Grant winners

July 4, 2013

Arts and Humanities Research Council

Responsive Mode Grants

Understanding biological disarmament: the historical context of the origins of the biological weapons convention

Hit songs and their significance in 17th-century England

  • Award winner: D. T. Gennari
  • Institution: Oxford Brookes University
  • Value: £652,412

In search of Italian cinema audiences in the 1940s and 1950s: gender, genre and national identity

Leverhulme Trust

Research Project Grants

The role of motor abilities in the development of typical and atypical social behaviour

  • Award winner: V. Khutoryanskiy
  • Institution: University of Reading
  • Value: £160,851

Developing in vitro approaches for testing mucoadhesive drug delivery systems

Investigation of the role of 5-HT in psychological responses to affective touch

National Institute for Health Research

Efficacy and Mechanism Evaluation Programme

  • Award winner: J. Chataway
  • Institution: University College London
  • Value: £2,784,701

A multi-arm phase IIb randomised, double-blind clinical trial comparing the efficacy of three neuroprotective drugs compared with placebo in secondary progressive multiple sclerosis

Health Services and Delivery Research Programme

  • Award winner: Len Bowers
  • Institution: King’s College London
  • Value: £354,199

Seclusion and psychiatric intensive care evaluation study

  • Award winner: Barnaby Reeves
  • Institution: University of Bristol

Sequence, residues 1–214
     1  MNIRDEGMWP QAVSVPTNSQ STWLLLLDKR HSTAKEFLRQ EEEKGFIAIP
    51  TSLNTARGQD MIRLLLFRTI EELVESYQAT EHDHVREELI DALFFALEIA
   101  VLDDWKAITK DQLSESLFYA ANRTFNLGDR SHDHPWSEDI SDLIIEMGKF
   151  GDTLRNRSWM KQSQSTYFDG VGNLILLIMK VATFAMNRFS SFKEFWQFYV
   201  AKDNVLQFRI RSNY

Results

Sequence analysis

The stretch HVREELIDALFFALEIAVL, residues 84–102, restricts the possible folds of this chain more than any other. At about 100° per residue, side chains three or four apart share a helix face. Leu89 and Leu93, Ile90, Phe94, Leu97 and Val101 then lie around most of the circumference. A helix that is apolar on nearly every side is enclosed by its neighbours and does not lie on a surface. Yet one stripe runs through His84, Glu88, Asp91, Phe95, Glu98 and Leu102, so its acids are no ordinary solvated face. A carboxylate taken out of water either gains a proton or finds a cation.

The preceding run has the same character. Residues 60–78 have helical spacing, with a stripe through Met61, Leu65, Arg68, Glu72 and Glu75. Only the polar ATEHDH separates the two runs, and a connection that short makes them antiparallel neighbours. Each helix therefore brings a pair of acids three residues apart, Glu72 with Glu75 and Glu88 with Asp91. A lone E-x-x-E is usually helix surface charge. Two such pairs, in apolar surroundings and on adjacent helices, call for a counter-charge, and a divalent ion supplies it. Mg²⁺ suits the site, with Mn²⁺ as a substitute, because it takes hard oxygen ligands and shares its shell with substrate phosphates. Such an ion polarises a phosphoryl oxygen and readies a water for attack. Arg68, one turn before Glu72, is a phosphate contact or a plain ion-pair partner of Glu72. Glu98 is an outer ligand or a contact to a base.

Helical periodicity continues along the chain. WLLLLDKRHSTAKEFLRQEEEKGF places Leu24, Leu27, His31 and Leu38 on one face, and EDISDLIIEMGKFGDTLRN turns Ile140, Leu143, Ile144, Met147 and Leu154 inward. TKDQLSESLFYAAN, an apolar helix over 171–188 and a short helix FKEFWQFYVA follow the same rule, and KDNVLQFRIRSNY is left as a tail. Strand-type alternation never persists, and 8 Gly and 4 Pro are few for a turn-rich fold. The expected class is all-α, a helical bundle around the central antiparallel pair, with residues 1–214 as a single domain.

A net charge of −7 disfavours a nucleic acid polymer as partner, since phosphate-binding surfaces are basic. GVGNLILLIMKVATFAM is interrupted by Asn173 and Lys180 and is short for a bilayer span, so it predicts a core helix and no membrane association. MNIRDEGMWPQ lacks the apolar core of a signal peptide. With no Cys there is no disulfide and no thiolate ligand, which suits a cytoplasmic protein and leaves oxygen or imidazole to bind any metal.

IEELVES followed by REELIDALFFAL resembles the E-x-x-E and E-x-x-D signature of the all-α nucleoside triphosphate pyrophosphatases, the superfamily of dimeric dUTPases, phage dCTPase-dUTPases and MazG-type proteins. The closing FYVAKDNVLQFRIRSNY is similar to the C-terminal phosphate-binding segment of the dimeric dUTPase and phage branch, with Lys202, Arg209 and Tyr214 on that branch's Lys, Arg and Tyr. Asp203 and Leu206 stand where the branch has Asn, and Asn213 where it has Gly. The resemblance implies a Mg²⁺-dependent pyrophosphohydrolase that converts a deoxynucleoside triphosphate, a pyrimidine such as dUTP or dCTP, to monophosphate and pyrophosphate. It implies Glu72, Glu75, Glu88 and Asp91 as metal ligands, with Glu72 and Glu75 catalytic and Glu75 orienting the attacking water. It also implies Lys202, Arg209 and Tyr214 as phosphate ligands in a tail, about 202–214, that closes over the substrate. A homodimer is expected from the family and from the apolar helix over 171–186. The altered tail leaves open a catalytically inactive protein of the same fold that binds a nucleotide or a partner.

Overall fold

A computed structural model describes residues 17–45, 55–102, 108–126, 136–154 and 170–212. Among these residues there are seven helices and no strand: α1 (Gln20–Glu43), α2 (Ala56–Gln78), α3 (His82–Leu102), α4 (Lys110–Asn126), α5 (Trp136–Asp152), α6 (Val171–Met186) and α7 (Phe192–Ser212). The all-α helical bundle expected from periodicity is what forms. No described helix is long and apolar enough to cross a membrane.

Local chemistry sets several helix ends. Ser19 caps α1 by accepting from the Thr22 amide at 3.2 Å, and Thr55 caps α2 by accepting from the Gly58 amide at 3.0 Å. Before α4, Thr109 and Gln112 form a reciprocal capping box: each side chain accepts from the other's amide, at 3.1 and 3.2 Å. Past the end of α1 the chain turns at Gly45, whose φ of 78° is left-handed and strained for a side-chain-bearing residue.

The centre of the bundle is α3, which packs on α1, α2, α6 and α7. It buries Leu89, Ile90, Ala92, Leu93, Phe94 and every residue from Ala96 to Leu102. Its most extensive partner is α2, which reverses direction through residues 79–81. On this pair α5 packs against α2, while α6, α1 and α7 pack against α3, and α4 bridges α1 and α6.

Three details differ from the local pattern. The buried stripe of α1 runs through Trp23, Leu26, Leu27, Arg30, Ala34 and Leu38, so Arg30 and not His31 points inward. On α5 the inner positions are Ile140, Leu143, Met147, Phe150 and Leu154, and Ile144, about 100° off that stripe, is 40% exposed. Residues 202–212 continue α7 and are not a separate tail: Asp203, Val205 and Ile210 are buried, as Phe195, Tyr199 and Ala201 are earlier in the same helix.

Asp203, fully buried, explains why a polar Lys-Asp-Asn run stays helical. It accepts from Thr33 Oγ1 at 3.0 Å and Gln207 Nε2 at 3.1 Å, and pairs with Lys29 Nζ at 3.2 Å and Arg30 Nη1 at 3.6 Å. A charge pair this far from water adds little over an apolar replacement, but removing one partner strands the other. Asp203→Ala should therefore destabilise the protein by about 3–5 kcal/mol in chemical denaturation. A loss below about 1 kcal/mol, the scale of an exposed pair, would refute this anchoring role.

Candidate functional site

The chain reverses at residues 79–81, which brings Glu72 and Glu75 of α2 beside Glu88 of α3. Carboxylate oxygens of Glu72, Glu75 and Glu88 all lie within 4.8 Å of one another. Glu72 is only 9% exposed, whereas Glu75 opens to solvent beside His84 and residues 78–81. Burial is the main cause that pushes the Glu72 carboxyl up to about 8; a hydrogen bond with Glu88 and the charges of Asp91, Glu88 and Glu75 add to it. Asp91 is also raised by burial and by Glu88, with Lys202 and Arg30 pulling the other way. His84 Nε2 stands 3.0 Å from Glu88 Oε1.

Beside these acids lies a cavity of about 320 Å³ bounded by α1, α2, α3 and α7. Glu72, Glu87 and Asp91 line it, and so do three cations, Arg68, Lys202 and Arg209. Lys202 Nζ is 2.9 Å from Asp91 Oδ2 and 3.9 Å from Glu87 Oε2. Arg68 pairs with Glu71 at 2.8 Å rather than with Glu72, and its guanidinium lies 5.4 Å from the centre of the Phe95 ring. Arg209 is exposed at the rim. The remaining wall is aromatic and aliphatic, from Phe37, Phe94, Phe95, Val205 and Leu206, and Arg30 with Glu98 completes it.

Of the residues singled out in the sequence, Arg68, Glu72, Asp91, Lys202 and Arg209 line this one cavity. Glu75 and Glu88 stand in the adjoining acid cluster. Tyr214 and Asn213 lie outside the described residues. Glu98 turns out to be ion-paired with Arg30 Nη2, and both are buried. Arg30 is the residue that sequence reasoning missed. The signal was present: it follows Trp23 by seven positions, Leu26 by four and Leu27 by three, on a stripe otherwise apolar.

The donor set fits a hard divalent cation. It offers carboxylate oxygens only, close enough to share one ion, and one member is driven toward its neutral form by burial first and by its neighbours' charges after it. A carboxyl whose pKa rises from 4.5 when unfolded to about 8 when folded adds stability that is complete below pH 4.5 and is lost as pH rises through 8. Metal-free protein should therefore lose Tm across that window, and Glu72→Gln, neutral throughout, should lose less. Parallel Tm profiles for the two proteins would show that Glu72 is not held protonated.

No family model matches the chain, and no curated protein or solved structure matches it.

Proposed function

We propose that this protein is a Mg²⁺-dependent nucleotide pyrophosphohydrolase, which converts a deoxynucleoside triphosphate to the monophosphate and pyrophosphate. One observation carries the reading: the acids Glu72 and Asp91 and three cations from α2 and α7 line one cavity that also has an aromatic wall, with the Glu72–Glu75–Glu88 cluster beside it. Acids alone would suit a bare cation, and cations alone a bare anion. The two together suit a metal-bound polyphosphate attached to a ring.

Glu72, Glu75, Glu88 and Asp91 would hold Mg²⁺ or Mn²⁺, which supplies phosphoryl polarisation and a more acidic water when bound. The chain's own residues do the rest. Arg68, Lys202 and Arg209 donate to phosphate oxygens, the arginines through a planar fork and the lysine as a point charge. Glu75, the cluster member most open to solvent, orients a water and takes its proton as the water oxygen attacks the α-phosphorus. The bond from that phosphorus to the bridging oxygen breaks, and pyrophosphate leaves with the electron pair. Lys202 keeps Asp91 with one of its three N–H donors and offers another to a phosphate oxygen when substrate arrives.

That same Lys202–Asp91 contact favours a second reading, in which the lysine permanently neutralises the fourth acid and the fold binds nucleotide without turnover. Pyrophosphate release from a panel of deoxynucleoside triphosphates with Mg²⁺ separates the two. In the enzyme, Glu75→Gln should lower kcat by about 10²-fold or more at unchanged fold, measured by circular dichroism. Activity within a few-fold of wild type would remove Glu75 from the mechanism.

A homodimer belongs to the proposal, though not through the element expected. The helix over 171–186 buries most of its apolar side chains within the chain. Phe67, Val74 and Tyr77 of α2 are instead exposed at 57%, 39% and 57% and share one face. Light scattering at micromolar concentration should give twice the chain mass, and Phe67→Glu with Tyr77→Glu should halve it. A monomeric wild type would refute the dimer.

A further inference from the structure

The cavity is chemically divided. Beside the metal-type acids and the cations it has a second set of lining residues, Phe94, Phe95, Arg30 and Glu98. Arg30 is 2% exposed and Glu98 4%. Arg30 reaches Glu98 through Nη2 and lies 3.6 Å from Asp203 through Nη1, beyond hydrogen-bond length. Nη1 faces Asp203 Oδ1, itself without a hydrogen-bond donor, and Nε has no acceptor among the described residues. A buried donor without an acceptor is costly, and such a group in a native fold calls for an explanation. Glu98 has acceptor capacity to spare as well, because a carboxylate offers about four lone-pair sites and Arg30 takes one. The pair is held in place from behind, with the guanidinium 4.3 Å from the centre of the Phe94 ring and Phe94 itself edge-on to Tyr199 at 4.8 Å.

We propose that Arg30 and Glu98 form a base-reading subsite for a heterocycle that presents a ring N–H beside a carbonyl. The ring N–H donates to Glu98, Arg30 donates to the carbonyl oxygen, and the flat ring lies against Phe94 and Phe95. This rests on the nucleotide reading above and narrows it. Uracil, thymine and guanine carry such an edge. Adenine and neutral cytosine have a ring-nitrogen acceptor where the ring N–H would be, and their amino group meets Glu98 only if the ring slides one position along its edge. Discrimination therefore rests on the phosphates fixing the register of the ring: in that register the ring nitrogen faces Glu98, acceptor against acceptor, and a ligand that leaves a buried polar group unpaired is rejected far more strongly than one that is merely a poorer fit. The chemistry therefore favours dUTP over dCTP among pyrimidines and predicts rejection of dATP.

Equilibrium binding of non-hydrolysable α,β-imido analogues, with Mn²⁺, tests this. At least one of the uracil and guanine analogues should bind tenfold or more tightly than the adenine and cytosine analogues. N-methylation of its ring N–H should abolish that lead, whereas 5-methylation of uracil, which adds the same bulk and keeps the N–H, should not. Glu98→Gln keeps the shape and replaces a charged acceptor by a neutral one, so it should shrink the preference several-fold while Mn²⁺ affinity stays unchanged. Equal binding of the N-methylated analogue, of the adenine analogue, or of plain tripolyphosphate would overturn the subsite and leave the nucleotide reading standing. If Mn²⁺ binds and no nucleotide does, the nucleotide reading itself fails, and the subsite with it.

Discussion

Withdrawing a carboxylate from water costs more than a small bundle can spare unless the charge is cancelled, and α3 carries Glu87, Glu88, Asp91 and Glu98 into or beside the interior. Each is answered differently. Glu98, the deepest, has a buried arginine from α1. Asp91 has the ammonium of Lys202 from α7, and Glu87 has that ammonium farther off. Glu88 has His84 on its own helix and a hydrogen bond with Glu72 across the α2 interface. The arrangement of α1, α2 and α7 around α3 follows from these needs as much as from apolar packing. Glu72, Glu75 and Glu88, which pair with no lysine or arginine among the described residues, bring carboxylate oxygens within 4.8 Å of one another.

• Value: £375,822

Benefit to patients and the NHS of cardiovascular magnetic resonance imaging after primary percutaneous coronary intervention

Health Technology Assessment Programme

  • Award winner: Jane Nixon
  • Institution: University of Leeds
  • Value: £1,856,758

Pressure-relieving support surfaces: a randomised evaluation 2 (PRESSURE 2)

In detail

Medical Research Council – New Investigator Research Grant

Award winner: Diego Gomez‑Nicola
Institution: University of Southampton
Value: £496,917

Regulation of microglial proliferation and its contribution to chronic neurodegeneration

In people with degenerative diseases of the brain such as Alzheimer’s, there is growing evidence that systemic infections or inflammation may accelerate disease progression and exacerbate symptoms. This project aims to better understand the mechanisms that regulate immune-to-brain communication and the progression of chronic neurodegeneration, which could lead to the development of new preventative or therapeutic approaches. “The research is novel and ambitious, and would generate important information for the neuroimmunological and medical sciences community,” said Dr Gomez‑Nicola. “The potential outcomes would be rapidly translated into the clinics of neuropathology and would improve the quality of life of patients with such diseases.”

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